All of the above is a precursor for how they were able to generate $9200 of sales in five minutes (the prerequisites were creating a great product and a community of rabid fans). A couple months ago, they announced a limited edition “premium” version of their product– a one-of-a-kind sling tie-dyed by a renown fabric designer named Shabd. They created instant buzz within their community on Facebook and Instagram. This limited edition product was positioned as the epitome of beauty within their culture of beauty, which generated massive desire. The scarcity factor pushed the desire level higher due to the exclusivity (being a part of something exclusive), and the fear of missing out (FOMO in marketing speak). The limited edition of 18 sold out in 18 minutes. My wife got one 🙂
So five weeks later they came out with another limited edition of 20. They posted a teaser just one day before the launch. On the morning of the launch, they announced a contest: re-post an ad for the new product using a certain hashtag, and you’d be entered to win a $500 gift certificate. This guaranteed that their community would quickly learn about the launch scheduled for 3:00PM that day, and would stir up a frenzy of desire. When the sales page went live, they sold out of the 20 units in 5 minutes at $460 a piece!
Of course we’re talking about a physical product here, so there were expenses on their end. However, while those 20 units sold out in 5 minutes, I can make an educated guess that they had an influx of additional sales of their other products following the launch. One factor is that there were a lot of potential buyers who missed out on the 20 units, who may have chosen to buy something else. The other factor is that the limited edition slings were more than twice as expensive as their standard silk slings, and almost 5X the cost of a linen sling, so we can reasonably assume that the buzz and traffic for the launch also brought in some customers who were unable to afford the limited edition, and they purchased something less expensive. It’s speculation on my part, but I’d be willing to bet on it, and I’d certainly advise other online retailers to experiment with similar promotional strategies.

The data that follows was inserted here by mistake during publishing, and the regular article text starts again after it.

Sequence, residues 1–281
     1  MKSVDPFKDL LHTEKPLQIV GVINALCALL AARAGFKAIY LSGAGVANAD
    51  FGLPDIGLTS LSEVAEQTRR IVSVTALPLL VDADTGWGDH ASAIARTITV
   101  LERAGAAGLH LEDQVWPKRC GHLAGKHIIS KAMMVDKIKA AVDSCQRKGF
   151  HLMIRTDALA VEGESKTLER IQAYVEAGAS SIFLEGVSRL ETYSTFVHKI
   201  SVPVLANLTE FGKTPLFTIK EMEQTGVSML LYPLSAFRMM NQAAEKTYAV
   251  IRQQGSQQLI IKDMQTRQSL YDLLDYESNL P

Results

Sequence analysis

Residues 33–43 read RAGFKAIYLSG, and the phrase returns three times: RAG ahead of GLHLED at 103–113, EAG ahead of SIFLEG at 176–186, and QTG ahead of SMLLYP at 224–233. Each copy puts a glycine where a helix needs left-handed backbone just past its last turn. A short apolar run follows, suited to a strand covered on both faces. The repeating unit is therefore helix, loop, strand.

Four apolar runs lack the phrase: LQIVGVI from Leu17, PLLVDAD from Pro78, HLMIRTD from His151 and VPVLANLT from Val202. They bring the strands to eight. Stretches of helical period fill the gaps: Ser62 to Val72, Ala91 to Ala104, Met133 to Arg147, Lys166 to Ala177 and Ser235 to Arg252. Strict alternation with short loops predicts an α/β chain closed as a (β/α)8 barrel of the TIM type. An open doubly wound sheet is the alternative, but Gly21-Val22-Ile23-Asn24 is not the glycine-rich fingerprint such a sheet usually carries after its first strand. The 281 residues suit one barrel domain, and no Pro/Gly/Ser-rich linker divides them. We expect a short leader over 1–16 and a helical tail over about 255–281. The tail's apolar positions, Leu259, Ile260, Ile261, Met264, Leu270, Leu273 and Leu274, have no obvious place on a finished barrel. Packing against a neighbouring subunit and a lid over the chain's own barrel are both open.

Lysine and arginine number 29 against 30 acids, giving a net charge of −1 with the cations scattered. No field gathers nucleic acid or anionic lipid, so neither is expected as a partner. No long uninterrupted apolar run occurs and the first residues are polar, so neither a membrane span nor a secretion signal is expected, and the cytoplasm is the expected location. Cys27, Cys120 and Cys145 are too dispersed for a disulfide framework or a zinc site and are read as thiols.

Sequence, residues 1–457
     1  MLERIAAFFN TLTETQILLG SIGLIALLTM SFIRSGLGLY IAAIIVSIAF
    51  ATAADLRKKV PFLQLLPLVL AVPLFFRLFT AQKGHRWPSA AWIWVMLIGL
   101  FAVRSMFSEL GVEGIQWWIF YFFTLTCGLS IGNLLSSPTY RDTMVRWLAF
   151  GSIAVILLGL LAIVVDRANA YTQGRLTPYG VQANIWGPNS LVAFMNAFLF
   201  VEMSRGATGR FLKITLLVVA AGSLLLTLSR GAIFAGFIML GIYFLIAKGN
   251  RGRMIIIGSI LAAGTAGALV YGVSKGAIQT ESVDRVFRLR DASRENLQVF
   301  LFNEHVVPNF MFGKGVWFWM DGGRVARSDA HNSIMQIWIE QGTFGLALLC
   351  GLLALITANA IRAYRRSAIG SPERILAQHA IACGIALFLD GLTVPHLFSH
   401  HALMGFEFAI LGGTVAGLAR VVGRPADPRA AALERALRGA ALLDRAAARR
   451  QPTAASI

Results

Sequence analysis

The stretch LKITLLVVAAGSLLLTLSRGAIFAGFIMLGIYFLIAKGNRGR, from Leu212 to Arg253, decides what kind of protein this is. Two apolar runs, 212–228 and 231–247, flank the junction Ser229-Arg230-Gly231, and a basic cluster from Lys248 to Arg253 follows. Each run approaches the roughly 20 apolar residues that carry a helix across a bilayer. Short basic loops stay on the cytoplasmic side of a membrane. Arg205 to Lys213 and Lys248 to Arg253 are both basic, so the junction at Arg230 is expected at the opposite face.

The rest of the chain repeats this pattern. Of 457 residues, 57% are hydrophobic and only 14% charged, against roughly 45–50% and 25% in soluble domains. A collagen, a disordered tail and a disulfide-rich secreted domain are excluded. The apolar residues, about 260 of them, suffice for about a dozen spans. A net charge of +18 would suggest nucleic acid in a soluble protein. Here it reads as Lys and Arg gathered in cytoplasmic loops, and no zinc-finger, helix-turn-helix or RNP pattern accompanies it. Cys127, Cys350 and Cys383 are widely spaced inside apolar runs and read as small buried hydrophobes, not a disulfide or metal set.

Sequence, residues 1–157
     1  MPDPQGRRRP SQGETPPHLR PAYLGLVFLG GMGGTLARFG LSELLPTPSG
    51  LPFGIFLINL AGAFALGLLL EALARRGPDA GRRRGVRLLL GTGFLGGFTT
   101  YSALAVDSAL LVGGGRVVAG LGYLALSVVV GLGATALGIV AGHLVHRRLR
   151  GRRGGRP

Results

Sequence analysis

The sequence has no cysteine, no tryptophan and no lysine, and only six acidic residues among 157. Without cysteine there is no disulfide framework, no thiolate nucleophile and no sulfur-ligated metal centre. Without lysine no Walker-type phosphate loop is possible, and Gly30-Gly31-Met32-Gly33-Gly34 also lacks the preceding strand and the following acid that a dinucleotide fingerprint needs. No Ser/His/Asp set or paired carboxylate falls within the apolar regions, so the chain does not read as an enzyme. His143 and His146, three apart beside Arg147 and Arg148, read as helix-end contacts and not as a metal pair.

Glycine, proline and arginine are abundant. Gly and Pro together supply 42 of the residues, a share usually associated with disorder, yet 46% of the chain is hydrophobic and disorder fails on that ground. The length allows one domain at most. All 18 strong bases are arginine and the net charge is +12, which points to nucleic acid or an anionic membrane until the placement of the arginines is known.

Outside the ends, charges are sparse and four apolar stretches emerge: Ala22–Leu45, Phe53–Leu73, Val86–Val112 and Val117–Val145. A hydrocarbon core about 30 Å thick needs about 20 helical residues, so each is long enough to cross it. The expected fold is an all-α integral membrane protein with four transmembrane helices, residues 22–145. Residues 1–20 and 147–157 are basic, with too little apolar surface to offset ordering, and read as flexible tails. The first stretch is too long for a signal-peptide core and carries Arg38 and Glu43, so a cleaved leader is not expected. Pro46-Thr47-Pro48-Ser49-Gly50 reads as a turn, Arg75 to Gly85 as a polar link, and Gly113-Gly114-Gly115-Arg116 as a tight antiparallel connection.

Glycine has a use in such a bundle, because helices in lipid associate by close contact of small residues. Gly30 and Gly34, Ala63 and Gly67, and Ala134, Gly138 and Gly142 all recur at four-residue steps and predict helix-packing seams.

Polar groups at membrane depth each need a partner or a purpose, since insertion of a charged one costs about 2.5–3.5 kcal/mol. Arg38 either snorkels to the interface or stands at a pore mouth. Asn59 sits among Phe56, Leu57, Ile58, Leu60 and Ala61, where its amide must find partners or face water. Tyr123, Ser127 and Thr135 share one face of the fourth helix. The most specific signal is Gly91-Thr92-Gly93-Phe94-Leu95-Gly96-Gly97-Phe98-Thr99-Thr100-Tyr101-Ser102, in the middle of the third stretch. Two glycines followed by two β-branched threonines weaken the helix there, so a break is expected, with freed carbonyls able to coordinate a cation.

Whether you’re selling physical products or digital goods, I hope you’ve gleaned a few helpful tips from this case study. One thing I want to emphasize is that the strategies I’ve explained here are simple! While the methods involve the technology of social media, the principles are timeless. These are things that you CAN do…
1) Look for a market with rabid fans and hyper enthusiasts.
2) If your consumer product seems rather utilitarian, consider whether it could be made more beautiful and desirable. How could you shift the paradigm from useful to cool, chic, and stylish? (Obviously this doesn’t work for all products)
3) Focus on engaging your market in the communication channels they most frequently use. (YouTube, Instagram, Cable TV, local meetings… go where they are.)
4) Use social media to create a culture that attracts your target market. Consistency is key.
5) Use hashtags liberally (and encourage participants to do the same) to attract additional prospects from the outside.
6) Encourage your customers to create content surrounding your product/brand, and give them reasons to do it. (This results in social proof)
7) Use contests to ramp up the enthusiasm and dovetail into promotions and product launches.
8) Use scarcity to invoke desire and create a buying frenzy.
As always you are welcome to leave your questions and comments below.
Have a great day!